The mechanism of kinesin inhibition by kinesin binding protein

Joseph Atherton, Jessica J.A. Hummel, Natacha Olieric, Julia Locke, Alejandro Peña, Steven S. Rosenfeld, Michel O. Steinmetz, Casper C. Hoogenraad, Carolyn A. Moores

Research output: Contribution to journalArticlepeer-review

1 Scopus citations


Subcellular compartmentalisation is necessary for eukaryotic cell function. Spatial and temporal regulation of kinesin activity is essential for building these local environments via control of intracellular cargo distribution. Kinesin binding protein (KBP) interacts with a subset of kinesins via their motor domains, inhibits their microtubule (MT) attachment and blocks their cellular function. However, its mechanisms of inhibition and selectivity have been unclear. Here we use cryo-electron microscopy to reveal the structure of KBP and of a KBP-kinesin motor domain complex. KBP is a TPR-containing, right-handed α-solenoid that sequesters the kinesin motor domain’s tubulin-binding surface, structurally distorting the motor domain and sterically blocking its MT attachment. KBP uses its α-solenoid concave face and edge loops to bind the kinesin motor domain, and selected structure-guided mutations disrupt KBP inhibition of kinesin transport in cells. The KBP-interacting motor domain surface contains motifs exclusively conserved in KBP-interacting kinesins, suggesting a basis for kinesin selectivity.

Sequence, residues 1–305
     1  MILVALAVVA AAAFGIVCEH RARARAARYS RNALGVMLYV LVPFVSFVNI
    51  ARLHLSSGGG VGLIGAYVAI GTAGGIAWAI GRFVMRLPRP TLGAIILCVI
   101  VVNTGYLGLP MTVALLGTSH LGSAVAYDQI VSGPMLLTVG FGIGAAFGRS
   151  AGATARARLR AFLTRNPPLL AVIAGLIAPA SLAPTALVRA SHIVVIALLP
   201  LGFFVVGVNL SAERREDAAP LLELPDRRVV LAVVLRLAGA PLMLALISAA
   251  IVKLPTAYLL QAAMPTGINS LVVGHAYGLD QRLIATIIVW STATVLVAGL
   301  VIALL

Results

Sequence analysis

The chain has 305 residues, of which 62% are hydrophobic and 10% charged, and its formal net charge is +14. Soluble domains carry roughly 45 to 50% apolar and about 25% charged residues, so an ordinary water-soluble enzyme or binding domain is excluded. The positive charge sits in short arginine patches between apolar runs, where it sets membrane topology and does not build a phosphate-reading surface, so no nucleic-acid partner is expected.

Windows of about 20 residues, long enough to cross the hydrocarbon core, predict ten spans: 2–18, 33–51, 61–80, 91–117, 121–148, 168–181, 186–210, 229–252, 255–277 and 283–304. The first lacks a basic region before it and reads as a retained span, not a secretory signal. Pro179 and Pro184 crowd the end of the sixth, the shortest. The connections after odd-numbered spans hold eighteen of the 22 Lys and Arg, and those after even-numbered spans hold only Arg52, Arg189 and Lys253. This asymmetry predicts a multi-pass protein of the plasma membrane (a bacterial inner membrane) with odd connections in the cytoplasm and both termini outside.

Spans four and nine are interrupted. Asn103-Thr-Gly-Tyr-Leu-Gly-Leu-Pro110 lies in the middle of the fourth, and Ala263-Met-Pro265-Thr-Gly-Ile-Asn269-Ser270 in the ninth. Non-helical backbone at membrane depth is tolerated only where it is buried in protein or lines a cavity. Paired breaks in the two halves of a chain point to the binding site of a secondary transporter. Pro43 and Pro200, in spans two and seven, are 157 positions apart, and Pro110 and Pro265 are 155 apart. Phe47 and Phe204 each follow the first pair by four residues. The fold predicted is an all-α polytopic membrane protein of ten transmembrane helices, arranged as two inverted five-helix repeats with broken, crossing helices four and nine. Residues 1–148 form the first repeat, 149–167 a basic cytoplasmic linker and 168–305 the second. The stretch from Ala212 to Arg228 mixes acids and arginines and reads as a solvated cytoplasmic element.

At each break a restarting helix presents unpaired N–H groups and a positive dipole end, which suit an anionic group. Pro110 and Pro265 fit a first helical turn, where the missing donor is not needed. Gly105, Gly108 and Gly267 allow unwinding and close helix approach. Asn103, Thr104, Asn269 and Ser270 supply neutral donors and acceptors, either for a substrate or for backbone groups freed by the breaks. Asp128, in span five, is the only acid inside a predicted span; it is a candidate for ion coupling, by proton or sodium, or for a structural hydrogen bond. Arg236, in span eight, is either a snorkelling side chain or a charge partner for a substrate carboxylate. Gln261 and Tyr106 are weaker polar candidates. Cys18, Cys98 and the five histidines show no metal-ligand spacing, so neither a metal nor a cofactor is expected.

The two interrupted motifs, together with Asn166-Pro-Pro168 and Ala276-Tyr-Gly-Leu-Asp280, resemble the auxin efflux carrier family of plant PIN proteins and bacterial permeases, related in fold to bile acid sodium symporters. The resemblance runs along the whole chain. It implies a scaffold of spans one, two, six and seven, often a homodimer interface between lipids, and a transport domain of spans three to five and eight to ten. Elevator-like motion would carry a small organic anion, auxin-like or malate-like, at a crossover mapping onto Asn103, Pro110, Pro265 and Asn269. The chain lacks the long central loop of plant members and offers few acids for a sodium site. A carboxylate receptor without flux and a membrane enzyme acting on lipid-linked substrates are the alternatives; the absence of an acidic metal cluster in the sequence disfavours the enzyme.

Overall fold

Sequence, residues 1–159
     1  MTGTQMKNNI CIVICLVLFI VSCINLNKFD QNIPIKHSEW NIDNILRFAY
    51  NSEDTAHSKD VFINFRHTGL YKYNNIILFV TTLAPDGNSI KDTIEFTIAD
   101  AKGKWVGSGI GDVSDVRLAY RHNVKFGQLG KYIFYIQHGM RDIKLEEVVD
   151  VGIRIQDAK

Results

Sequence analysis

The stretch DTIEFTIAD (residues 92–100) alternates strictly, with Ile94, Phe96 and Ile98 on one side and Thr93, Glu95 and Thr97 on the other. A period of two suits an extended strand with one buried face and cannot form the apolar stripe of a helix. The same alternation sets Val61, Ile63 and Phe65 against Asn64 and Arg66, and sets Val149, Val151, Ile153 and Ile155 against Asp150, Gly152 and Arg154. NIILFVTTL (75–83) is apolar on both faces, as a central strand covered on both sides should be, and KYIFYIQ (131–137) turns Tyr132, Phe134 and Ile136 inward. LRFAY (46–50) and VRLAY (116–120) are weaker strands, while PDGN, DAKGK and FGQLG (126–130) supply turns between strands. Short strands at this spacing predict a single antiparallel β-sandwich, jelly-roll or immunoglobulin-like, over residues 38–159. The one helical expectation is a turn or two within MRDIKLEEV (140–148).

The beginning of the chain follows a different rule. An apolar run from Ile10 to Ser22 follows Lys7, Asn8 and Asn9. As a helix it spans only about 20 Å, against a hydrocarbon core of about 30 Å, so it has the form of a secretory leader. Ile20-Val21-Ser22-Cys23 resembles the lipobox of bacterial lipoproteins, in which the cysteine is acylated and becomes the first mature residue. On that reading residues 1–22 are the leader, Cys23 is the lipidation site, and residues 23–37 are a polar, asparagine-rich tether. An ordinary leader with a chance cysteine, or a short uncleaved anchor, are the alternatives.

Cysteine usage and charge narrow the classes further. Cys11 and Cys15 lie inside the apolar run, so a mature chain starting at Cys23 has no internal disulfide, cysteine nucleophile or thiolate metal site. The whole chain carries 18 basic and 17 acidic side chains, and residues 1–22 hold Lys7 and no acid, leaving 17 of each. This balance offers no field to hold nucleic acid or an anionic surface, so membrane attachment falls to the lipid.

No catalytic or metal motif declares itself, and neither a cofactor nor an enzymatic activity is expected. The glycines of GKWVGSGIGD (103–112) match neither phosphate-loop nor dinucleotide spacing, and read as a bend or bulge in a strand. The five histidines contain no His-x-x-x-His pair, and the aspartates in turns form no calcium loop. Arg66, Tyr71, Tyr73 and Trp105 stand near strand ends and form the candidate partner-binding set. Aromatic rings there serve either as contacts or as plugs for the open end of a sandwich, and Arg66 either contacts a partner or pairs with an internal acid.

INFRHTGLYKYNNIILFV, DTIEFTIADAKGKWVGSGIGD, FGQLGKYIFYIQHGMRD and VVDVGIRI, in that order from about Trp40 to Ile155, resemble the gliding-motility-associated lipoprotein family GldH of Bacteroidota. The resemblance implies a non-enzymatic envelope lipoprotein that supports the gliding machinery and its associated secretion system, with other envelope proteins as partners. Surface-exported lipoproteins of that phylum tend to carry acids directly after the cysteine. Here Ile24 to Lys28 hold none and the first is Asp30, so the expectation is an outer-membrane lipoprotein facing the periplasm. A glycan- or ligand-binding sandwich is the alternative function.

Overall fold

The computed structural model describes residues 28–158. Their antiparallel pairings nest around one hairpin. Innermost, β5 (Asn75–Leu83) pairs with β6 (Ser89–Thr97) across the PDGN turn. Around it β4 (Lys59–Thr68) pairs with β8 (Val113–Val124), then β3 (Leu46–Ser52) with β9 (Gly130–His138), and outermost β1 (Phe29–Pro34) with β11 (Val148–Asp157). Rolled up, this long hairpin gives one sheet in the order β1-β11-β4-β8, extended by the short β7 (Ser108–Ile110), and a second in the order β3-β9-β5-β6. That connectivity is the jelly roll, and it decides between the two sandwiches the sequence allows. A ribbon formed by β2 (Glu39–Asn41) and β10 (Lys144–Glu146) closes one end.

Original languageEnglish (US)
Pages (from-to)1-78
Number of pages78
StatePublished - Oct 2020

ASJC Scopus subject areas

  • General Neuroscience
  • General Biochemistry, Genetics and Molecular Biology
  • General Immunology and Microbiology


Dive into the research topics of 'The mechanism of kinesin inhibition by kinesin binding protein'. Together they form a unique fingerprint.

Cite this